of the Month
Bob Goemans photograph by the author
Blue coral, ridge coral
Range: Western Pacific Ocean: south of
Japan, west to Africa’s east coast, and
throughout the Red Sea
Natural Environment: This
photosynthetic soft coral, the only member
of the order Helioporacea, is one of the few
soft corals that actually contribute to reef
building. It is quite abundant in the wild,
especially in brightly lit, shallow, intertidal
reef-flat areas, e.g., at 20 to 30 feet ( 6 to 9
meters) where there is exceptionally good
water movement, such as in and around areas that experience the continuous passing of waves overhead or the energy of
Its massive encrusting columnar and branching formations are often found along the upper reef slopes and upper
hardpan areas of lagoons. Its internal aragonite/calcium skeleton is sky blue, hence its most popular name, blue coral, due
to a concentration of iron salts it removes from surrounding seawater. It forms a hard outer crust of calcium carbonate that
is brown due to the zooxanthellae it houses.
Its small olive-colored polyps are interconnected by root-like extensions, called stolons, within its structure. It can shed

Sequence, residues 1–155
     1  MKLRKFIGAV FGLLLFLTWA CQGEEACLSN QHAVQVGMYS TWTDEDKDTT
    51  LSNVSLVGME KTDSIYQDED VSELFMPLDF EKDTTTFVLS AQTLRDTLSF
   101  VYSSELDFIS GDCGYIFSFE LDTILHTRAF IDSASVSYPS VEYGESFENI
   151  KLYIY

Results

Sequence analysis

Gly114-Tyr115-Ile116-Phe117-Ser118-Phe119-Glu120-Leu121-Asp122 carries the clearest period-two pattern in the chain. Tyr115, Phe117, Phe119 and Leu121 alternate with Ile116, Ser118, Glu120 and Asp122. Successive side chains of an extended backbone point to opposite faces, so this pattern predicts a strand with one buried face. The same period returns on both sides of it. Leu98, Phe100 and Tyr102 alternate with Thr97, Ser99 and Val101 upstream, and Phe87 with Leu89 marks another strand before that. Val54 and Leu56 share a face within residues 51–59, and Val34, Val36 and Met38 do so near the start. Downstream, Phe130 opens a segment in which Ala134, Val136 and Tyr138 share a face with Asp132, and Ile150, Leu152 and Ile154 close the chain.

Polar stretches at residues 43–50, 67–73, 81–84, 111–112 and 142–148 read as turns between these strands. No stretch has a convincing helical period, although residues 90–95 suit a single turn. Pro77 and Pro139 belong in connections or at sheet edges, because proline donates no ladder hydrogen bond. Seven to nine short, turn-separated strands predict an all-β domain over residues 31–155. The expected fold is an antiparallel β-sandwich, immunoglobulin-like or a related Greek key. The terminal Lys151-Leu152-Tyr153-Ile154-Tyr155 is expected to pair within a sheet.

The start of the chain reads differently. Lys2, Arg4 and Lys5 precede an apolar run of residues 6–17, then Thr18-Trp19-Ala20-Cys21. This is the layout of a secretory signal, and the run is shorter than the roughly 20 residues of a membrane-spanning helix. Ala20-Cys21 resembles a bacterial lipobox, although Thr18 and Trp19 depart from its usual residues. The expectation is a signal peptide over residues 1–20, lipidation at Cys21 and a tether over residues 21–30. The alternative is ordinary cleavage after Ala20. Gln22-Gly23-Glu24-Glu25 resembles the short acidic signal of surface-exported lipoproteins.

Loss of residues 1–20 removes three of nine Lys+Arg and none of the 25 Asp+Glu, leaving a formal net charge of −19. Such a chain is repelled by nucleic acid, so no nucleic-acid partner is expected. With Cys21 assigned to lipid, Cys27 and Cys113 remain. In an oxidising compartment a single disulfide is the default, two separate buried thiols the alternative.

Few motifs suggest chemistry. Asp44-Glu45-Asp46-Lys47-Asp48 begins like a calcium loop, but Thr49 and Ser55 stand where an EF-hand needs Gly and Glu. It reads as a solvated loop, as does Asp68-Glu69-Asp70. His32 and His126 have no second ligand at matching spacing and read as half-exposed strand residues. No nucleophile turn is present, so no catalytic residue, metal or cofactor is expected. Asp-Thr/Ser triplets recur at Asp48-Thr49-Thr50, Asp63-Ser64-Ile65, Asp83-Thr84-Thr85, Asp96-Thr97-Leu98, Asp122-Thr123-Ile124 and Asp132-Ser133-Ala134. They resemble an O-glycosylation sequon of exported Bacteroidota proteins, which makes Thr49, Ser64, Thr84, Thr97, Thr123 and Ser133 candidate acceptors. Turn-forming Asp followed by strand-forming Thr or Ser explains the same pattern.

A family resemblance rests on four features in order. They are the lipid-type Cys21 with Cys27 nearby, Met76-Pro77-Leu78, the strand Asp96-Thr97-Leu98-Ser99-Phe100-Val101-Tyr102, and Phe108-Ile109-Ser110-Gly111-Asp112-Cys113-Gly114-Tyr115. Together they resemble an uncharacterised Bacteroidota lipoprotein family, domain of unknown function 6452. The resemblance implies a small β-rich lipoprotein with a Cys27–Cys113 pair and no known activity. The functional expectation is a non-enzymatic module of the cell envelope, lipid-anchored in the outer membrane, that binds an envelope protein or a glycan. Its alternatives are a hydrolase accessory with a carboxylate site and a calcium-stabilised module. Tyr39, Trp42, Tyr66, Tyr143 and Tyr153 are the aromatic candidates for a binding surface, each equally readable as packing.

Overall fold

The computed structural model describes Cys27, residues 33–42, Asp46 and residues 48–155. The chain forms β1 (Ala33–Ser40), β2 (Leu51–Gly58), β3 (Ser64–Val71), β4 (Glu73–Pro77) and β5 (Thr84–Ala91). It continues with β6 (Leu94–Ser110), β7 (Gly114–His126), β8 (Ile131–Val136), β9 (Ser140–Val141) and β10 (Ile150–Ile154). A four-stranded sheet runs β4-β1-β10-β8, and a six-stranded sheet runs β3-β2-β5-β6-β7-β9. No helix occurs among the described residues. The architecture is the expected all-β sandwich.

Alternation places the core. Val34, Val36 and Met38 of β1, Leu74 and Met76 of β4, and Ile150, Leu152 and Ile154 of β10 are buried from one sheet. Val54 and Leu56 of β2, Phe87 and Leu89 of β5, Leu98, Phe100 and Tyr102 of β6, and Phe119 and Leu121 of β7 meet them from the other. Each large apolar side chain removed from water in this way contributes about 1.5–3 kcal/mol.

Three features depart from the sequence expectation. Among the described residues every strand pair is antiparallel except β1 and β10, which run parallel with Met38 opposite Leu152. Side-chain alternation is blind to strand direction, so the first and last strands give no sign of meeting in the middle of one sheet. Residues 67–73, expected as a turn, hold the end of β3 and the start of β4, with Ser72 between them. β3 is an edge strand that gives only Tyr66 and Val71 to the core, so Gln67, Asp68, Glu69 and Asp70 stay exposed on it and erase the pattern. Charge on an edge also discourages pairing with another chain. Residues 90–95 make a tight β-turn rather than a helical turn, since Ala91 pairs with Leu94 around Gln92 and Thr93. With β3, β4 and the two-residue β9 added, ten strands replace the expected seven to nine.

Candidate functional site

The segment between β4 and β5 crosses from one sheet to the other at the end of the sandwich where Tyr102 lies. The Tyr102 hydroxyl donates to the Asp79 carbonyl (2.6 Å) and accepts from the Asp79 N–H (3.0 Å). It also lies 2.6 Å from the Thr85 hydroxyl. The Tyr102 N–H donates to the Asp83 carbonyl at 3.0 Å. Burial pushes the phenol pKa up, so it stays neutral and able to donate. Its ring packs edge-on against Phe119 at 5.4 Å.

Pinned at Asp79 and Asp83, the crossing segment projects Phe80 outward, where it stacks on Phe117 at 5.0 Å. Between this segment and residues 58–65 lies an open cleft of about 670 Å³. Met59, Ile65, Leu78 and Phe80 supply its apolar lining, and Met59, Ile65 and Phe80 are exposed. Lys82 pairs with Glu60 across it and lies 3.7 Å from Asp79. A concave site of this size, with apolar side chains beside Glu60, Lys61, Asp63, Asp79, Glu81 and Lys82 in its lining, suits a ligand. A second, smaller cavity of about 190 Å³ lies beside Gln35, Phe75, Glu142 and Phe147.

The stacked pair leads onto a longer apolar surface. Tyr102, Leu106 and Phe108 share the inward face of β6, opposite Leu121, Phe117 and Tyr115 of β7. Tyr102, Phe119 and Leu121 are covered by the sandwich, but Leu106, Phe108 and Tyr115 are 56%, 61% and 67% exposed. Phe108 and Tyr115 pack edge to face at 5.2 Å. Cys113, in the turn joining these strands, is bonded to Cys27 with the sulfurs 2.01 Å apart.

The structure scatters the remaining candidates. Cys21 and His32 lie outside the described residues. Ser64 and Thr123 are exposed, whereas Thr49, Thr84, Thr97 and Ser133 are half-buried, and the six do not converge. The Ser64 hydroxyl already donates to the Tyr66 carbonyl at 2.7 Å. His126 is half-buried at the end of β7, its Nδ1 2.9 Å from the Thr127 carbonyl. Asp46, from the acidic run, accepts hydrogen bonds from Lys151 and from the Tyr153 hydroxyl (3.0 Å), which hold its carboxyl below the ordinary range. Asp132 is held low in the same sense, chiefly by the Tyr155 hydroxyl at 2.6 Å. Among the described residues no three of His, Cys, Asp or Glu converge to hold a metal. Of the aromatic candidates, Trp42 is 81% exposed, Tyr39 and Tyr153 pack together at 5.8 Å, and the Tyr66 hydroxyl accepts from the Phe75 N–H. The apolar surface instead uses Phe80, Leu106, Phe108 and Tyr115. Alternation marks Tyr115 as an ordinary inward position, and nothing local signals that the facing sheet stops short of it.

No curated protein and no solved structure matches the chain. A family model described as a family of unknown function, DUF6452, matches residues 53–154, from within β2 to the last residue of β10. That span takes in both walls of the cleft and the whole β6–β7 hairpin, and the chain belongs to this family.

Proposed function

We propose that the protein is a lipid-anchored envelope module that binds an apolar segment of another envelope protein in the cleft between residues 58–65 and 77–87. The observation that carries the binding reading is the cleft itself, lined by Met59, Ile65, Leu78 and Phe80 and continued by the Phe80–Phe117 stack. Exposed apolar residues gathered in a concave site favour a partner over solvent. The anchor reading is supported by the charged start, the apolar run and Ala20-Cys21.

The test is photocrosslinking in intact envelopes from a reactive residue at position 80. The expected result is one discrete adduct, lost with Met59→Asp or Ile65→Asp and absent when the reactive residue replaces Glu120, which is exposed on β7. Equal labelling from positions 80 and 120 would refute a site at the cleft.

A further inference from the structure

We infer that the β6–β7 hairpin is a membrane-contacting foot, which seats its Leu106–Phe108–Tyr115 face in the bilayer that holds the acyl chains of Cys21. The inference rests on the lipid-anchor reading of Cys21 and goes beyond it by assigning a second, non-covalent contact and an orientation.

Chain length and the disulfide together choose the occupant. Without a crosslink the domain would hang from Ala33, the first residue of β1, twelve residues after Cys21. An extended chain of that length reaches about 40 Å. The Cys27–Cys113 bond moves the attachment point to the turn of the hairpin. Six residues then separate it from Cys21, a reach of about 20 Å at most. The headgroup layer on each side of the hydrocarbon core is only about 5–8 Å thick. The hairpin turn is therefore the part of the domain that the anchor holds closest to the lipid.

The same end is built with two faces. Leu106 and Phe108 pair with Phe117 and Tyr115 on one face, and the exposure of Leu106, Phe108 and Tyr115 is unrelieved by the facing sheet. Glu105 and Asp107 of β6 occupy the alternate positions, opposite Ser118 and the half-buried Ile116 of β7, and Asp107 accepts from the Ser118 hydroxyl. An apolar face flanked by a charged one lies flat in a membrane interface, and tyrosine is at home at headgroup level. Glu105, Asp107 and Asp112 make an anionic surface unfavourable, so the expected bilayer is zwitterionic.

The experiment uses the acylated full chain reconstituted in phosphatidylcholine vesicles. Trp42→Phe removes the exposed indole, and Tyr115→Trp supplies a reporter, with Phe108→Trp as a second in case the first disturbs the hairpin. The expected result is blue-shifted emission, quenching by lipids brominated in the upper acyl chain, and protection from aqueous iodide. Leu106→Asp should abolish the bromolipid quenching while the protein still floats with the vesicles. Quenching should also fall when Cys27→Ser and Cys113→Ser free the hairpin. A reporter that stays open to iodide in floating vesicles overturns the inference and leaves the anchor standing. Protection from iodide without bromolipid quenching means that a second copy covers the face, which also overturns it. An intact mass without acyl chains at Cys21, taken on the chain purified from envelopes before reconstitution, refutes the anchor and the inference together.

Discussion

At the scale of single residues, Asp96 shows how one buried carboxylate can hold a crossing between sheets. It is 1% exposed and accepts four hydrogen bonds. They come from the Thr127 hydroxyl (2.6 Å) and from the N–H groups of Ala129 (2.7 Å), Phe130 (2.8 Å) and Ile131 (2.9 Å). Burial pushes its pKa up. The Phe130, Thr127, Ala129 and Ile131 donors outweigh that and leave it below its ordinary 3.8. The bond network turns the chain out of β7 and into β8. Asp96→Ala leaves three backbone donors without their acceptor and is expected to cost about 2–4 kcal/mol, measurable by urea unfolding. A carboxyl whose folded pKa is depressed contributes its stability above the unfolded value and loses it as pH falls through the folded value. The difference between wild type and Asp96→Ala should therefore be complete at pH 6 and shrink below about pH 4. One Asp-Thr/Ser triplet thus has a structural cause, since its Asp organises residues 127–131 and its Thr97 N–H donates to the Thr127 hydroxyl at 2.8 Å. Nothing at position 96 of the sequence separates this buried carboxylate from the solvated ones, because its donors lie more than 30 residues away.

a layer of outer skin, similar to some leather and Porites corals, helping to remove unwanted coverings of algae and/or
bacteria. Usually found in various shades of brown or tan with white-tipped edges, which indicate new healthy growth.
Captive Care: This is a very hardy and disease-free coral, and quite common in the trade due to its abundance in the wild.
It requires strong light, and that coming from metal halides would be better than that of fluorescents, as several specimens
have shown in my systems. As for water movement, it should be placed where currents are fairly swift, yet not directly in
front of outlets where the force of the flow would damage its polyps. No special feeding is required for this photosynthetic
soft coral, but if placed in areas receiving inadequate light, the white edging of its branches that indicate new growth will
turn brown. This indicates that the coral is increasing its zooxanthellae numbers (which are brown) to satisfy its present
nutritional needs, therefore abandoning growth for the present.
The specimen seen here in my aquarium under metal halide lighting had doubled its size in only two years without any
special attention to its needs other than bright light and good water movement. Occasionally, this coral will shed a thin
layer of skin, a normal process, and I have used a turkey baster to completely remove any remaining pieces. Otherwise,
this soft coral, which actually feels like a stony coral, is exceptionally easy to maintain, given adequate light and water
Unfortunately, dried specimens are still sold in the ornament trade because of their blue coloring.
Water Quality Requirements: Calcium 380 to 430 ppm, alkalinity 3. 5 to 4.0 meq/l, pH 8. 1 to 8. 2, specific gravity 1.024
to 1.026, Mg approx. 1272 ppm, phosphate < .05 ppm, and a temperature range of 76° to 84°F ( 25° to 29°C).